A spirited conversation about inequality
14 years after the publication of 'The Spirit Level', its authors took part in a thought-provoking discussion about the state of inequality in the UK, and the state of the evidence base
In their influential and award-winning 2009 book The Spirit Level, Kate Pickett and Richard Wilkinson argued that societies with the biggest gaps between the rich and the rest are bad for everyone, including those who are most well off. They contended that everything from life expectancy, mental illness and obesity to violence and illiteracy is affected not so much by the wealth of a society as by its level of equality.
As part of the Policy Institute and the Fairness Foundation’s Fair Society series, we organised a webinar last Tuesday to revisit The Spirit Level and consider its lasting impact on how we think about inequality, with reference to what has happened to inequality in the UK in the 14 years since the book was first published.
The webinar featured:
Kate Pickett OBE, Professor of Epidemiology, University of York, and co-author of The Spirit Level
Richard Wilkinson, Professor Emeritus of Social Epidemiology, University of Nottingham, and co-author of The Spirit Level
David Aaronovitch, journalist, presenter and author
Lucinda Platt, Professor of Social Policy and Sociology, London School of Economics
Paul Drechsler CBE, Chair, International Chamber of Commerce UK and BusinessLDN, and former President of the Confederation of British Industry
Bobby Duffy, Director, the Policy Institute at King's College London (Chair)
Watch the webinar recording here. Below are some reflections on the event.
Themes discussed at the event
The book played a huge role in putting inequality onto the policy agenda. David pointed to the impact of The Spirit Level on the debate in the UK, and to the value of the global comparisons in the book for a UK debate that can be very parochial. Kate highlighted the contrast between high levels of engagement with inequality issues at the global level (Sustainable Development Goals, World Economic Forum and so on) and at the local level (local authorities in the UK) on one hand, and the struggle to engage with the UK government at the national level on the other hand. Recent events, notably the pandemic and the cost-of-living crisis, have driven inequality up the domestic political agenda, although it hasn’t yet become a top priority.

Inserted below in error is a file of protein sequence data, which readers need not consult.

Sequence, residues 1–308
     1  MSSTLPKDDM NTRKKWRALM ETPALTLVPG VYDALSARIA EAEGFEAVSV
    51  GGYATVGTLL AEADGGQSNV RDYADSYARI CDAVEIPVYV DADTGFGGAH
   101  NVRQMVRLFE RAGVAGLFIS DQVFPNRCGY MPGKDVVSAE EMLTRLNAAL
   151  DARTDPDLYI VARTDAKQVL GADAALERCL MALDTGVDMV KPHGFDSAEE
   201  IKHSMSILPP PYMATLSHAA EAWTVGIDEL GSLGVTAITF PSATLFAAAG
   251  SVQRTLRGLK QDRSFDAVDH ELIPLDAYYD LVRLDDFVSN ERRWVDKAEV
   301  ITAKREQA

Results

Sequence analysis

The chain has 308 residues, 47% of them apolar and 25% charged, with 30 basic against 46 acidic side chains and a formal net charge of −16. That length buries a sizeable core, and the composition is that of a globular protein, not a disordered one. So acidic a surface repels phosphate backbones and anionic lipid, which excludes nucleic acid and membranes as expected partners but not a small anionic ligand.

The evidence base has grown considerably since the book was published. Kate and Richard published Income inequality and health: a causal review in 2015, and a huge body of third-party research on the consequences of inequality has appeared over the last 14 years, linking it to issues such as domestic violence, narcissism, gambling, low civic participation and child maltreatment, across a range of countries. Other studies have looked at the mechanisms that drive these causal relationships, including the impacts that inequalities of status and respect have on consumerism and on violent crime, as well as on people’s mental and physical health. In the last two years the Institute for Fiscal Studies has published the Deaton Review of Inequality, which examines the state of a wide range of inequalities in the UK (and elsewhere) from a broad set of methodological perspectives.
Inequality in the UK and many other countries has got a lot worse since 2009. David talked about the damage done to our society when so many people are worried about making ends meet, and when a small number of wealthy individuals wield huge amounts of power. Paul spoke about the correlation between postcodes and educational outcomes as an example of unfair inequalities, but questioned whether people in the UK understand the true scale and impact of inequality in this country. Lucinda emphasised the importance of global inequalities, and the impact of the ‘lottery of birth’ (which country someone is born in) on the extent to which their talents and efforts are rewarded.
There’s a more widespread consensus about the damage done by inequality than there was in 2009. Paul spoke about the business case for the private sector to make the arguments for tackling inequality, which is multi-faceted (economic and social stability, consumer spending and growth, access to diverse talent, employee engagement and retention, reputation, licence to operate). There was a discussion about the increasing recognition that unequal outcomes in one generation lead to unequal opportunities in the next, although this is by no means universally acknowledged. The event ended on an optimistic note, with agreement that younger generations are a source of hope, despite all of the barriers to change.